BOOK REVIEW: WILD CARDS: LOWBALL / AUTHOR: GEORGE R.R. MARTIN, MELINDA M. SNODGRASS / PUBLISHER: GOLLANCZ / RELEASE DATE: OUT NOW
There have been some sinister goings-on in Jokertown. Many resident Jokers have gone missing with the authorities initially paying only scant attention. It falls on Father Squid to begin the investigation with the help of local celebrity Marcus: African-American man from the waist up; banded snake from the waist down. It soon becomes clear that the conspiracy goes much deeper than first feared, potentially threatening all the inhabitants of New York and Jokertown equally.
If the above means absolutely nothing to you then it is very likely you have never come across the hugely colourful selection of mosaic novels edited by George R. R. Martin and Melinda M. Snodgrass known as the Wild Card series. Following an alien virus that mysteriously rained down on New York in the middle of the 20th century, many survivors were transformed into strange hybrid creatures known as Jokers or given superpowers - in some cases both. Everything from tentacled appendages to the ability to make imaginary characters real is now commonplace, but the same basic crimes still exist and the disappearance of a few Jokers quickly develops into a serious problem for the under-manned police force.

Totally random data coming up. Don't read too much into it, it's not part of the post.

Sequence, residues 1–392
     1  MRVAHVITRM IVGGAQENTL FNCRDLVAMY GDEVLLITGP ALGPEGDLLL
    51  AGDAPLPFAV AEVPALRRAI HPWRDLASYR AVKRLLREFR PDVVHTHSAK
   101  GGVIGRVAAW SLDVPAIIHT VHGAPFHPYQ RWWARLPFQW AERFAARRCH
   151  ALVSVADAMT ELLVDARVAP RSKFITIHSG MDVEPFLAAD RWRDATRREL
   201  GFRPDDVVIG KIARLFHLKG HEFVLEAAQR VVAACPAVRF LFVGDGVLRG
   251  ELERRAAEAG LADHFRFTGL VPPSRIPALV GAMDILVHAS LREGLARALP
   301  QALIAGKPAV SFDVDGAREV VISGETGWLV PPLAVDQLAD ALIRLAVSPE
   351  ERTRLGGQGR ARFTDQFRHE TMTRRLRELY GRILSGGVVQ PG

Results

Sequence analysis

Lowball is a decent entry in the Wild Card series but is one that may not sate the appetite of existing fans and is unlikely to attract too many new ones. Focussing much more on the seedier side of Jokertown and concentrating primarily on the Nats, or unaffected, than previous novels, Lowball is without doubt extremely well written with a host of fascinating and bizarre characters, some old, some new. The problem that exists is that there is less cohesion between the intertwining stories than in other novels, with some plotlines and characters simply disappearing or the stories just fading away to unsatisfactory conclusions.
Perhaps as the middle book in a proposed trilogy these failings are understandable, and the Wild Card series is always an enjoyable read, but Lowball doesn’t quite deliver on its early promise as perhaps it should.
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